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Kabila: "We must finish the war (in North Kivu), whatever the cost"

MONUC | Published on December 06, 2007

In his annual address on the state of the nation this Thursday 6 November 2007 in Kinshasa in front of parliament, DRC president Joseph Kabila underlined in particular the achievements of the government, in relation to security, development and international relations. In his annual address on the state of the nation this Thursday 6 December 2007 in Kinshasa in front of parliament, DRC president Joseph Kabila underlined in particular the achievements of the government, in relation to security, development and international relations.

President Kabila began by greeting the "new political culture" which has been established in the DRC. According to him, it "is based on dialogue and transparency."

He then added that the objective of this assessment was not to measure the approval of the action of the government but "to check if our advances are on the right track."

The first issue reviewed was the security situation in North and South Kivu, and for the president the construction of peace is a "sacred duty."

"The pacification of the country has been achieved in most of the country. Of the 145 territories only Rutshuru and Masisi are at war."

He also paid homage to the Congolese soldiers, "I would like to salute the courage of the Congolese army and its anonymous heroes," while he recognised the exactions made by some of its members, for whom he demanded pardon and promised sanctions.

The president condemned the violence of the "uncontrolled armed groups in the east of the country."

"It is imperative that we tackle these groups, and it will be done soon, whatever the cost."

Joseph Kabila continued by focusing on reforms already started in the security sector, before announcing development projects in the economic and social spheres, in particular the announcement of a joint oil exploitation project with Angola in the central basin, and the creation of two new universities in Kindu and Bukavu.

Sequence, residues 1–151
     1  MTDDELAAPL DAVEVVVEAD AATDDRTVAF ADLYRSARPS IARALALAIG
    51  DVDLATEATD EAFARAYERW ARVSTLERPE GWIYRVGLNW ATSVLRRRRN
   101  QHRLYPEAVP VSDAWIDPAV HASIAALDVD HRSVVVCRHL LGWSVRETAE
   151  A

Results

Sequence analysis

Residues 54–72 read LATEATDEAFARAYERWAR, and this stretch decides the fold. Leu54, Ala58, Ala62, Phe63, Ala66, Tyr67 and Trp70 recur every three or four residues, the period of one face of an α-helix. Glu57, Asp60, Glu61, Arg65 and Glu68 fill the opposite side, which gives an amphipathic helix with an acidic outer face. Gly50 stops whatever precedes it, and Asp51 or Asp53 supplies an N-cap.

In the economic domain, he underlined the economic revival and the stabilisation of the macro-economic framework, but in particular emphasised the new co-operation agreement with China.

"Today we have exemplary co-operation with China. For the first time in history the Congolese people will be able to see the returns from the exploitation of their cobalt, nickel or cobalt."

He spoke lengthily on the reform of the justice system - "a vital building block for the rule of law" - which is "cruelly lacking". For President Kabila the realisation of this reform is "an absolute priority".

"It is time that judicial decisions become just. The DRC is not a republic of judges, the judges must answer the people."

Nevertheless he specified that to reach that point, "one does not need a constitutional revision," as the presidential majority of the assembly had requested a few weeks ago.

The president also evoked the fight against corruption, the decentralization process and "the perversion of mores".

President Kabila concluded by affirming that "our country has made a historical policy change and is ready for takeoff."

It is the first time in the history of the DRC that a democratically elected president gave a state of the nation address in front of parliament.



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